By Gaspard Magalie. Car Wiring. Publised at Friday, January 12th 2018, 14:15:17 PM. Cars are filled with stuff that can make or break performance. The engine needs to be fed the proper amounts of air, fuel, and spark. The suspension and brakes must be in tip-top shape. The wheels and tires, transmission, cooling system, gauges—even the seats—must all function properly.
By Olivier Constance. Electrical Wiring. Published at Thursday, January 04th 2018, 04:04:27 AM. V-groove panelization involves cutting a third of the board’s thickness from the top and bottom sides. The remaining part joins the separate boards and is then cut with a machine during the depaneling. This helps to reduce the stress on the PCB. One challenge with the V-groove method is that it is restrictive and cannot be used with PCBs that have overhanging components over the edges.
By Fleurette Nina. Car Wiring. Published at Thursday, January 04th 2018, 01:54:35 AM. The starter solenoid has very large contacts to carry the batterys full current. Its wire coil is actuated by a smaller current from the ignition switch, at which time the iron core slams down to make contact and turn on the starter motor. Most non-Ford starter motors employ a solenoid built into the motor itself. This type of solenoid not only provides the motors electrical power but also mechanically engages the starters drive gear onto the flywheel.
By Dorian Yannic. Car Wiring. Published at Thursday, January 04th 2018, 01:24:43 AM. Push the wire into the connector so that the strands just protrude from the round end. Grip the cable, connector uppermost, in a vice or self-locking pliers, so that the connector rests on top of the vice and cannot slide down the wire when soldering. Inside a bullet connector. Apply solder on the top of the connector, and let it melt and run down inside. Trim off the protruding strands with wire cutters.
By Mailys Laurent. Motor Wiring. Published at Wednesday, January 03rd 2018, 23:58:29 PM. RC servos are used to provide actuation for various mechanical systems such as the steering of a car, the control surfaces on a plane, or the rudder of a boat. Due to their affordability, reliability, and simplicity of control by microprocessors, they are often used in small-scale robotics applications. A standard RC receiver (or a microcontroller) sends pulse-width modulation (PWM) signals to the servo. The electronics inside the servo translate the width of the pulse into a position. When the servo is commanded to rotate, the motor is powered until the potentiometer reaches the value corresponding to the commanded position.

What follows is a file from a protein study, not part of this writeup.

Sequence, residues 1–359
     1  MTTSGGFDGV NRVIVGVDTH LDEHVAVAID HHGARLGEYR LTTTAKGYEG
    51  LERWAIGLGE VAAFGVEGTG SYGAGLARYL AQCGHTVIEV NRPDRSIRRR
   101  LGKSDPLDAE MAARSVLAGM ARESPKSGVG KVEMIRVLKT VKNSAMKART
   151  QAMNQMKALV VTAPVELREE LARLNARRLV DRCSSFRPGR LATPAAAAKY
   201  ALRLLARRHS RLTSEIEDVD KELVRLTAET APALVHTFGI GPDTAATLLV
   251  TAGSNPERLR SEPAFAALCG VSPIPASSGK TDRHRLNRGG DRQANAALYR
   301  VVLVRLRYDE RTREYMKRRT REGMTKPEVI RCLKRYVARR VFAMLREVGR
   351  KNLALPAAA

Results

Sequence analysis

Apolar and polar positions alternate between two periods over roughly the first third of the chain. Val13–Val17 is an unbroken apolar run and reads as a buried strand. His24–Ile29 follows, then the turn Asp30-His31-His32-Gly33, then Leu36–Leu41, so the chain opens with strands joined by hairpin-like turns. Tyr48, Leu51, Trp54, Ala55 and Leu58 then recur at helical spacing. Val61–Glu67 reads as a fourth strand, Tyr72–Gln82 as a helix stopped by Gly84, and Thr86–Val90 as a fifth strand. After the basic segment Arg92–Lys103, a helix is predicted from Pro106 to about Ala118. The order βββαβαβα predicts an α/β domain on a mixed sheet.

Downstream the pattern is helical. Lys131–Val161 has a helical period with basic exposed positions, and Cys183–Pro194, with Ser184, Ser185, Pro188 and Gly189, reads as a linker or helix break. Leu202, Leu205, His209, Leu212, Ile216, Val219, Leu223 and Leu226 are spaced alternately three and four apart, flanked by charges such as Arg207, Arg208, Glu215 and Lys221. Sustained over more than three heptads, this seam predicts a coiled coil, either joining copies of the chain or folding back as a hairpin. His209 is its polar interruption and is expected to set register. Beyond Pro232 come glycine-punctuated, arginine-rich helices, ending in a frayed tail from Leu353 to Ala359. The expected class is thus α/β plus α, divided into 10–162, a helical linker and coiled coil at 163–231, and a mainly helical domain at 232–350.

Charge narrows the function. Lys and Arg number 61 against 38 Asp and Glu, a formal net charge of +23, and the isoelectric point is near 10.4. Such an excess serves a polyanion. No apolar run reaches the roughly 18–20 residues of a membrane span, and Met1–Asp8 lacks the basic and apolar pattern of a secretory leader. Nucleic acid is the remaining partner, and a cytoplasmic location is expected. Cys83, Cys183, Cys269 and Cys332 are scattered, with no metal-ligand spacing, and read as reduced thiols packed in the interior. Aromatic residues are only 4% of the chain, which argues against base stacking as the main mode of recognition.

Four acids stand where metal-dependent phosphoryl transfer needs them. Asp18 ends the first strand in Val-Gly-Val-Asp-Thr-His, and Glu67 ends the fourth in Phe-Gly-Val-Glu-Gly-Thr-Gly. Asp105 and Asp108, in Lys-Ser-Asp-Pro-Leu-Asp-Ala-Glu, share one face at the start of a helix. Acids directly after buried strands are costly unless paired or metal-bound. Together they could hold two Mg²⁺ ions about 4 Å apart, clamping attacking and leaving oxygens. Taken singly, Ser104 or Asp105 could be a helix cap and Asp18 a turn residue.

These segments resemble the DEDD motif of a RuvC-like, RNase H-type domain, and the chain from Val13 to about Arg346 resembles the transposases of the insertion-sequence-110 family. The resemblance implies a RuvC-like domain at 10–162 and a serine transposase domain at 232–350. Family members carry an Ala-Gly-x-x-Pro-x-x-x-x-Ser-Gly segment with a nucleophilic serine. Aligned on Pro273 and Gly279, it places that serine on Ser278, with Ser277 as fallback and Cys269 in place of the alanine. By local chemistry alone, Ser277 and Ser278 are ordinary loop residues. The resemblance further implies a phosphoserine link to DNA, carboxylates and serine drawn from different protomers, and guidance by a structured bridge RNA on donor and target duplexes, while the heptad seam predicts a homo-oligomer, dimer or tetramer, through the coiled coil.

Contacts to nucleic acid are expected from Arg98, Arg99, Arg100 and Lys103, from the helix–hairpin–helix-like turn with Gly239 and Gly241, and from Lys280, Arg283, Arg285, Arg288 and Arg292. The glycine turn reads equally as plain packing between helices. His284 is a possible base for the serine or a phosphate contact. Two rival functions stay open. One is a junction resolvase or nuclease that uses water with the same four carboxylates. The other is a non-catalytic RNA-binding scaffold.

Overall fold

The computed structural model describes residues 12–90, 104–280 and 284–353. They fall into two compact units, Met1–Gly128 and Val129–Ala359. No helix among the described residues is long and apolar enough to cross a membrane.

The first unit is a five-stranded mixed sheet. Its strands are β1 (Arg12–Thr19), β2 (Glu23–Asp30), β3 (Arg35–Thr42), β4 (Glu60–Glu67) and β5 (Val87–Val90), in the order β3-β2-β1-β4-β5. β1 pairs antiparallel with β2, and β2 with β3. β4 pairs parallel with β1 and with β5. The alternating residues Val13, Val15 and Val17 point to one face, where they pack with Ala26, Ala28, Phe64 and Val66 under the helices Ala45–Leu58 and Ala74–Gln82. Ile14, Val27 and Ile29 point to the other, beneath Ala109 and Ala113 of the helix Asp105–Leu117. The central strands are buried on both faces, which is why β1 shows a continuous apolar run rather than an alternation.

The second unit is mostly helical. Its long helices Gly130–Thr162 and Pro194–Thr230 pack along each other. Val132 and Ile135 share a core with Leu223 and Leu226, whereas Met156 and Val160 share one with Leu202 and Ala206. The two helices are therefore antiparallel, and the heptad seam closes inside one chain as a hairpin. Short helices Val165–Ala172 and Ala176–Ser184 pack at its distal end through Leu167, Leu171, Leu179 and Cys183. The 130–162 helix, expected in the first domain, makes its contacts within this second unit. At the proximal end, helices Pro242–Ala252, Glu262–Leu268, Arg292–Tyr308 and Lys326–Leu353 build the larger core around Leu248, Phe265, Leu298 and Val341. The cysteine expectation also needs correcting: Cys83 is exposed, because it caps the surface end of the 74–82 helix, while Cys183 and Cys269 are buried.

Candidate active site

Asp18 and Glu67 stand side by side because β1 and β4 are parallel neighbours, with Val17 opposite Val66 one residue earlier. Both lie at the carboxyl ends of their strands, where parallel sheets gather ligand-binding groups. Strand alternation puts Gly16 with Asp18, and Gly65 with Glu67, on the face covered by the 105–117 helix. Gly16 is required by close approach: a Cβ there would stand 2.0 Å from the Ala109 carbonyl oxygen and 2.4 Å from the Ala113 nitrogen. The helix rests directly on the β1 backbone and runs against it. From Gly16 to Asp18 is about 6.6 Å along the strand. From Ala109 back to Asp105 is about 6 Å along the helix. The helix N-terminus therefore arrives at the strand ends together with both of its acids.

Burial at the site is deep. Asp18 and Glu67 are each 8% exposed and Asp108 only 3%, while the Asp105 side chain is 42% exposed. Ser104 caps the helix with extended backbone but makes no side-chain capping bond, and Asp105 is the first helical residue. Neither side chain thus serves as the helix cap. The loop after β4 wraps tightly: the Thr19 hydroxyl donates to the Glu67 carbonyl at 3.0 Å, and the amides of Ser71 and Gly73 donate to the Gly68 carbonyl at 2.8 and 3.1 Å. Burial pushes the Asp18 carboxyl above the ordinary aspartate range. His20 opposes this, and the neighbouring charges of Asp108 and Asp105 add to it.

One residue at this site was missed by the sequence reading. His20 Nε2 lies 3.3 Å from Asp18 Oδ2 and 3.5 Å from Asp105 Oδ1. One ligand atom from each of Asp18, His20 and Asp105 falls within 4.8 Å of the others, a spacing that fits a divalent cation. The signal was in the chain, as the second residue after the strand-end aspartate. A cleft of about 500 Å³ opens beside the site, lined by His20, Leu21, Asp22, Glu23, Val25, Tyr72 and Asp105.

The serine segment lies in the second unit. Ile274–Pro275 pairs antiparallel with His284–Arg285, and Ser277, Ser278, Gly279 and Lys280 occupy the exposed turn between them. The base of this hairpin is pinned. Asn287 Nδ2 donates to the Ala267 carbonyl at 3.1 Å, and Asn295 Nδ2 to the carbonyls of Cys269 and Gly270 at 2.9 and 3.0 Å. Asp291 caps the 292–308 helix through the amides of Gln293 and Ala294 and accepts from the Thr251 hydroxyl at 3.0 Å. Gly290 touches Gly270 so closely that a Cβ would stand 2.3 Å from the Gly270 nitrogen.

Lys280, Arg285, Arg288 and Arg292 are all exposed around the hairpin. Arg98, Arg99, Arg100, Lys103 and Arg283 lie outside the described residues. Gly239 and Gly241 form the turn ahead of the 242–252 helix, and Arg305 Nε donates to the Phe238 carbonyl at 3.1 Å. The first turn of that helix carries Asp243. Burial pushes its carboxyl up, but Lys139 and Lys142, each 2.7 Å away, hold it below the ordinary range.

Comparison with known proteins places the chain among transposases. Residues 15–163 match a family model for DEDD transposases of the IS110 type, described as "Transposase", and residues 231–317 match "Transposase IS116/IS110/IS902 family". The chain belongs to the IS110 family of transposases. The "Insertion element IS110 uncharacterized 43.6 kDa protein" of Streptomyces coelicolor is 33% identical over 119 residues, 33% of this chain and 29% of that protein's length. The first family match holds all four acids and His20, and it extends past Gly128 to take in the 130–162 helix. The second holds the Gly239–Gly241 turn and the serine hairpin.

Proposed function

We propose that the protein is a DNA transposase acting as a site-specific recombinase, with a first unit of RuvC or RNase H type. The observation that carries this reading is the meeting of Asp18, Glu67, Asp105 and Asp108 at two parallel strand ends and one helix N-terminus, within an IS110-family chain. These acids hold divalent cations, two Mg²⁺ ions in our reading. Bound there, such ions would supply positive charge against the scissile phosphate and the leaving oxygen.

By Fleurette Nina. Car Wiring. Published at Wednesday, January 03rd 2018, 15:37:45 PM. Twist the bare ends together, then use pliers to press the twisted section into a compact shape. Solder the wires together so that they cannot be pulled apart, using only a little solder to avoid making the joint bulky. Wind insulating tape in a spiral over the joint.
By Dorian Yannic. Electrical Wiring. Published at Wednesday, January 03rd 2018, 15:08:21 PM. You can see how all the power supply connections use large traces or copper pours. The AWG doesn’t have high current requirements, but the board house doesn’t give you a discount for using less copper, so you might as well opt for large (= low-resistance, low-inductance) traces if you have the room.
By Olivier Constance. Motor Wiring. Published at Wednesday, January 03rd 2018, 00:16:48 AM. What is commonly referred to as microstepping is often sine–cosine microstepping in which the winding current approximates a sinusoidal AC waveform. Sine–cosine microstepping is the most common form, but other waveforms can be used. Regardless of the waveform used, as the microsteps become smaller, motor operation becomes more smooth, thereby greatly reducing resonance in any parts the motor may be connected to, as well as the motor itself. Resolution will be limited by the mechanical stiction, backlash, and other sources of error between the motor and the end device. Gear reducers may be used to increase resolution of positioning.
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